February 28th, 2012 by David Gibbs*
(owned and operated by the Solaray Corporation since 1992) has been marketing
and selling solar thermal collectors and related components under the SUNEARTH
brand since 1978.
In 2009, SunEarth filed an application with the U.S. Patent and Trademark
Office (USPTO) seeking federal trademark protection for the SUNEARTH word
The USPTO suspended action on the application in view of an earlier filed
application owned by Ningbo Solar Electric Power (Ningbo) for the SUN-EARTH (and
Through a predecessor company, Ningbo had been using its SUN-EARTH design
mark in China since 1978 and began using the mark in the U.S. in 2004.
A U.S. trademark application filed in 2006 for the SUN-EARTH design mark went
abandoned for failure to file a Statement of Use.
In 2008, Ningbo filed a second application to register the SUN-EARTH design
mark. This was the application cited against SunEarth.
The USPTO granted Ningbo’s second application and issued it as U.S. Trademark
Registration No. 3,886,941 (’941 Registration) on December 7, 2010.
Ningbo changed its name to Sun-Earth Solar Power (SESP) in 2010.
After filing a proceeding in the USPTO Trademark Trial and Appeal Board to
cancel the ’941 Registration and trying to negotiate a settlement with Ningbo,
SunEarth sued for trademark infringement, cancellation of the registration, and
other claims in the Northern District of California in October 2011.
The court recently granted a preliminary injunction against SESP, prohibiting
it from using the SUN-EARTH name or mark in the United States.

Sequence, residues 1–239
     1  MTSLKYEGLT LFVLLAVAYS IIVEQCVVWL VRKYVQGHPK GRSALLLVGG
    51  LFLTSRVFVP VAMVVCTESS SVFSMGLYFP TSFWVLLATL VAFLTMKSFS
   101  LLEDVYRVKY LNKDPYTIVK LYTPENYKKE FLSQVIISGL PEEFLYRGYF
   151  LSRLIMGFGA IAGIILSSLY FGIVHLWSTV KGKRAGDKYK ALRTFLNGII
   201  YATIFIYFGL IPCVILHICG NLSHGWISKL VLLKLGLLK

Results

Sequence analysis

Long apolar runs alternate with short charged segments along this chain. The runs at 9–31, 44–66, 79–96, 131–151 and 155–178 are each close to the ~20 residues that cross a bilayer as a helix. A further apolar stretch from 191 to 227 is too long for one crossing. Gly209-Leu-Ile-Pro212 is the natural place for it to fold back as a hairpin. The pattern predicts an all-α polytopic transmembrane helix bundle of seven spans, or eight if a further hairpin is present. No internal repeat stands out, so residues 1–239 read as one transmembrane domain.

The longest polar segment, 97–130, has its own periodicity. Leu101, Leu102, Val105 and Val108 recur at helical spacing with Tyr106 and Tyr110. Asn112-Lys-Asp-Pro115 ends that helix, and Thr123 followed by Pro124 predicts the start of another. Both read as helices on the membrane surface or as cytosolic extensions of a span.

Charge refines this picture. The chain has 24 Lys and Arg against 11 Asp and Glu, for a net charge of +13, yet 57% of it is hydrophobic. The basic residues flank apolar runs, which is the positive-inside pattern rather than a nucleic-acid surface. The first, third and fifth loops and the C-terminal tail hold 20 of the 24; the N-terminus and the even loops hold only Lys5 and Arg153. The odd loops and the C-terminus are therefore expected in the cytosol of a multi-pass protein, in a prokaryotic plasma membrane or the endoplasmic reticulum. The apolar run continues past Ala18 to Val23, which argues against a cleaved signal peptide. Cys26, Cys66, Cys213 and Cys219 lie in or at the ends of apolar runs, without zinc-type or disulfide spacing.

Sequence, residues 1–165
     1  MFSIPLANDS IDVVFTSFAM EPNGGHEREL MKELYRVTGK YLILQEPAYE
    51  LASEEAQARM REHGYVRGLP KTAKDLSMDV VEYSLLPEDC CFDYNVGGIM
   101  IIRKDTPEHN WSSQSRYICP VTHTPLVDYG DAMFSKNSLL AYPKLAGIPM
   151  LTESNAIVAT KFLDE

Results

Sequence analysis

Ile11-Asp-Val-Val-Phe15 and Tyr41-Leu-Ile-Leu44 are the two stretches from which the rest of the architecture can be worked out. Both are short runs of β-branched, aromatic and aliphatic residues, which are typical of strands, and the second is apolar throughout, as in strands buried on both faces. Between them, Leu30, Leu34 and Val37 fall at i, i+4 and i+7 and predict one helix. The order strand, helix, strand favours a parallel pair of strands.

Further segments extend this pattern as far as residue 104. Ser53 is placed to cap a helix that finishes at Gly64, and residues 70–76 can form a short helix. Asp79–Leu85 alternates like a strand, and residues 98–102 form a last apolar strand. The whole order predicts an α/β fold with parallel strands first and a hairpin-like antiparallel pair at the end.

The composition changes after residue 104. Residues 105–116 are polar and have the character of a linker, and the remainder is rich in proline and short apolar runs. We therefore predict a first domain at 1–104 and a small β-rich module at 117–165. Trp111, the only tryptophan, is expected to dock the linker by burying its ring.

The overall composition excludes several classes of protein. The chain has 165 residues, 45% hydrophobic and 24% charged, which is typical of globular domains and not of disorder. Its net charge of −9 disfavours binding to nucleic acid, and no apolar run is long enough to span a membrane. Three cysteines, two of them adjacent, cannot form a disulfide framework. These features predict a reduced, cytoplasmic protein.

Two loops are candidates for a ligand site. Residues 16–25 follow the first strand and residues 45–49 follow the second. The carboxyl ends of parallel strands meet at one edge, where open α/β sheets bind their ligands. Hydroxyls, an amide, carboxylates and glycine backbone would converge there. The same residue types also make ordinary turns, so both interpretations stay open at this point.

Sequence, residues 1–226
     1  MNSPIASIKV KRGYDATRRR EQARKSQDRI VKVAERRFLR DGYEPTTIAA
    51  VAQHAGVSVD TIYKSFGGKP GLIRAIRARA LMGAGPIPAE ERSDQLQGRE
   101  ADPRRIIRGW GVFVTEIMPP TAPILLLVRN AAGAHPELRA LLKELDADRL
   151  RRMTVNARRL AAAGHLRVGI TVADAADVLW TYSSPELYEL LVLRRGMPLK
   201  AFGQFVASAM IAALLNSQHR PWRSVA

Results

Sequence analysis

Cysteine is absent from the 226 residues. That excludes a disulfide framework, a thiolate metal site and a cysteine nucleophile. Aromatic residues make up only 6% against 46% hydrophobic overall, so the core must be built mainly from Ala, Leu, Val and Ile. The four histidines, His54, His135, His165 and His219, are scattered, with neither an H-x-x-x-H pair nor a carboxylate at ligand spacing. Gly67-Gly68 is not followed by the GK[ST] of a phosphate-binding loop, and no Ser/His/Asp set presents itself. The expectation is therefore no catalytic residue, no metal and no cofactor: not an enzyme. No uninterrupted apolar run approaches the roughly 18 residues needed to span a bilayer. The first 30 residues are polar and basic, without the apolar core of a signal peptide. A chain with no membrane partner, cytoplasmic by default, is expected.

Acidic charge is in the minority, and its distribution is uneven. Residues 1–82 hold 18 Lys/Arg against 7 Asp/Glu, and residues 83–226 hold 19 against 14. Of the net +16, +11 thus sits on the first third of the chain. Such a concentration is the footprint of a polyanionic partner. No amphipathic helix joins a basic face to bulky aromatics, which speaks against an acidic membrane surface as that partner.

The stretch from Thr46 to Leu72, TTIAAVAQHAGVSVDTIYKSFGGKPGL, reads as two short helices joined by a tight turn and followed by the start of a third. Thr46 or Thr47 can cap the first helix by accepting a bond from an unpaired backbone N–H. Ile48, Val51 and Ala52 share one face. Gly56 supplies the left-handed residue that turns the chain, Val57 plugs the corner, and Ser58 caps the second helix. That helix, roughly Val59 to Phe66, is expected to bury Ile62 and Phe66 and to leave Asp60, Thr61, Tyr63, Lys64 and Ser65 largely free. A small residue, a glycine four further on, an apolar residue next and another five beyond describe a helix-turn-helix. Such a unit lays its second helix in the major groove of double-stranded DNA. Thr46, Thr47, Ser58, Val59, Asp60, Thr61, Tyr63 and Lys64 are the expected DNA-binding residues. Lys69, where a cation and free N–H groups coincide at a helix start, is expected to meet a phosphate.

According to the Order Granting Plaintiff’s Motion for a Preliminary Injunction, although
SESP has a presumption of ownership of the SUN-EARTH mark due to its federal
registration, SunEarth “[is] likely to be able to prove a protectable ownership
interest in the trade name and mark that is senior to that of [SESP].”
The Court based this on its determination that SunEarth was likely to have
been using the SUNEARTH mark in the United States before SESP entered the U.S.
market in 2007:
The court also noted that SunEarth had produced some evidence of actual
This case is a good illustration of the “first to use” system of trademark
priority in the United States.
A federal trademark registration creates a presumption of trademark
ownership. However, that presumption can be rebutted by showing a similar
trademark was used by someone else in interstate commerce within the United
States before the registered trademark.
This case also highlights the difficulties foreign based clean tech companies
may face in protecting their green brands when they decide to enter the U.S.
market. We’re likely to see more of these types of cases, particularly from
David Gibbs is a contributor to Green Patent Blog. David is currently in
his third and final year at Thomas Jefferson School of Law in San Diego. He
received his undergraduate degree in Geology from the University of California,
Posted: August 21st, 2012